Summer samaritans ensure the safety of voiceless

With temperatures set to soar, let’s do whatever we can to keep the birds and animals cooler

By   |  Published: 18th Mar 2018  12:15 amUpdated: 19th Mar 2018  6:27 pm
Dr Ranganayaki Srinivas places feed for sparrows and other birds which flock her backyard. — Photo: Surya Sridhar

During the recently held Chembur festival, a couple decided to sell wildlife photographs from their collection of 25 years, to raise money for a continuous drinking water supply for wildlife. The couple, Dr Sarita and Dr PV Subramaniam, both dentists, took it upon themselves to provide solar-powered pumps for existing borewells to fill waterholes.

Like humans, water is a basic necessity for all the animals too. Even they face health issues like dehydration and viral infections. Many lose their lives due to unavailability of drinking water. As the dentist couple raises funds by selling their travel photographs, residents of Hyderabadis are also doing their bit in feeding birds and stray dogs.

Summer“If we are able to provide these animals with healthier surroundings, they will be less prone to diseases, which, in turn, provides us a healthier environment to live in,” says Lakshman, founder of Animals Water Bowl Project (AWBP) India, which distributes water bowls to interested people. AWBP India asks people to place it near their home and refill the bowls regularly.

Archana Akunuri places a mud bowl on her terrace for birds and cement bowl near her house for stray dogs. “I fill it with water and add Glucon-D, which helps the dogs to balance electrolyte and avoid sun stroke. Earlier, residents used to restrict us, but now most of them are coming forward to help the stray dogs. Even they understand the thirst of another being,” says the owner of Bhairav Camps Dog Boarding Facility.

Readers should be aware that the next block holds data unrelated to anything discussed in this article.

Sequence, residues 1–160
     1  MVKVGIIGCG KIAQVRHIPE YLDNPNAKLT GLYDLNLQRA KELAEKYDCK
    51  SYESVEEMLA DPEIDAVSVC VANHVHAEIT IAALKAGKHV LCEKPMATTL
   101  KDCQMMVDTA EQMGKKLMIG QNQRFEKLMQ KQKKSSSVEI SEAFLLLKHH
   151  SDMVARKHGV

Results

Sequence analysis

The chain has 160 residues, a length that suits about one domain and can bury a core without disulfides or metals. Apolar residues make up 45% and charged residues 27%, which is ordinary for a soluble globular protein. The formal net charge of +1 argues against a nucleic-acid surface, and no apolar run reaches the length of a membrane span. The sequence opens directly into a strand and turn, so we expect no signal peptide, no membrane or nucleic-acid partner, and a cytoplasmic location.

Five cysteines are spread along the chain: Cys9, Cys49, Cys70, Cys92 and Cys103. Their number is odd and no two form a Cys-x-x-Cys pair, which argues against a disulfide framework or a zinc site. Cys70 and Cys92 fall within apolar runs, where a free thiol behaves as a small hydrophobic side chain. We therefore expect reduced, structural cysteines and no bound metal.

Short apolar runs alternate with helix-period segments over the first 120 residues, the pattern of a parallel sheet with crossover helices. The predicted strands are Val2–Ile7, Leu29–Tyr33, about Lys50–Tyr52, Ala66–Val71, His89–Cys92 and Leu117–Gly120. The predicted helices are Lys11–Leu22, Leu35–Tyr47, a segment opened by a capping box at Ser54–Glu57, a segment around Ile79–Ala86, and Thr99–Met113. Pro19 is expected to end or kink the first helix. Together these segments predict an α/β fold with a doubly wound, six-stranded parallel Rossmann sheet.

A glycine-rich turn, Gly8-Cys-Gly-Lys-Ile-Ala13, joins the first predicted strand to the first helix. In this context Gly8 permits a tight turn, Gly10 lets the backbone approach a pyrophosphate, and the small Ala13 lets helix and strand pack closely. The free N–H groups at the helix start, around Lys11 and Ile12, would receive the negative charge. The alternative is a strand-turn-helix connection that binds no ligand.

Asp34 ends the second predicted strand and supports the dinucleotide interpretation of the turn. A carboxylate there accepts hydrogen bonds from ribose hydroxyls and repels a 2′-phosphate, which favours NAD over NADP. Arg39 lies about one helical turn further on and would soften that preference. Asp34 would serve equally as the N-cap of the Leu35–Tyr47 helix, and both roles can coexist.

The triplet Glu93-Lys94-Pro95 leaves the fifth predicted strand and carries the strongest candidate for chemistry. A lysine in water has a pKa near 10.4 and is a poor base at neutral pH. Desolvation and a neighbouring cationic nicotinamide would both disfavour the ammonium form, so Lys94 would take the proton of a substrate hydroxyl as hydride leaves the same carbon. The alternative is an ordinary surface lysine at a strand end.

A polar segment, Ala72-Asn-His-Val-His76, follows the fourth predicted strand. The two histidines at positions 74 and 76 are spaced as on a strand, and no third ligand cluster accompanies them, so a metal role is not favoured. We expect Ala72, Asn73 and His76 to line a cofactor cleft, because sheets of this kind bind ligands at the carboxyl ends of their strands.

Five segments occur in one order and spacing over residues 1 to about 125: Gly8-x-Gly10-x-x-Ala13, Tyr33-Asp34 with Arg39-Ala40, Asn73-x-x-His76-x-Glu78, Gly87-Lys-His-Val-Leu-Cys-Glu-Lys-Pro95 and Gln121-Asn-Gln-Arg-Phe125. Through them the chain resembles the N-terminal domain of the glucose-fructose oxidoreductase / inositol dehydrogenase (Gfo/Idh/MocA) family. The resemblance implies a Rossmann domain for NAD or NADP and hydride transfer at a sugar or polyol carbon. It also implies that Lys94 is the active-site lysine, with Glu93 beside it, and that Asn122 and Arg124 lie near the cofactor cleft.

When it comes to Birds, have a remarkable talent for regulating their body temperature. They love to wade in shallow water and splash around to cool themselves off. Dr Ranganayaki Srinivas, a retired teacher, made some space for birds and squirrels in her backyard. She says, “Keeping a bird bath half filled with sand and the top layer filled with water is very convenient for the birds to spend as much time as they want keeping their body cool.”

Ranganayaki has a bird bath with a shower attached, and big trees in her backyard which is frequented by many birds. She is amazed at the amount of water birds and squirrels drink throughout the day. “Sparing a little space in our balconies or gardens for birds and animals isn’t too difficult. Keeping both food and water next to each other attracts more birds. Birds love the green and earthly colours, and hence their eating bowls and bathtubs should be in earthen colour,” wraps up the resident of Miyapur.


The Nehru Zoological Park offers special protection to wildlife to avoid summer stress. All animal keepers and park supervisors take preventive steps from time to time ensure the inmates have a hassle-free summer.

Green shade nets are placed over the roof of the bird enclosures as per the requirement and water troughs are kept at various places in the zoo for the free-ranging animals. HM Hanifulla, PRO at The Nehru Zoological Park, says, “Air conditions, exhaust fans and air coolers are installed in nocturnal houses and enclosures of chimpanzee, monkeys, tigers, jaguars, cheetah, lions and panthers. Foggers are installed in reptile house, and aviary area of the Zoo Park to keep them cool.”

Animals are also given ample amounts of drinking water from time to time to avoid dehydration. Dr MA Hakeem, assistant director of The Nehru Zoological Park says, “Glucon-d, electral powder, vitamin-C supplements, B-complex supplements and thermo care liquid are dissolved in the water and given to the animals and birds. In addition, seasonal fruits such as watermelon, muskmelon and all kinds of citrus fruits are also given to apes, primates, birds and bears.”

An elephant cools off under the spray of water at the Nehru Zoological Park; (Left) A group of pelicans
flock to the water at their enclosure. — Photos: Hrudayanand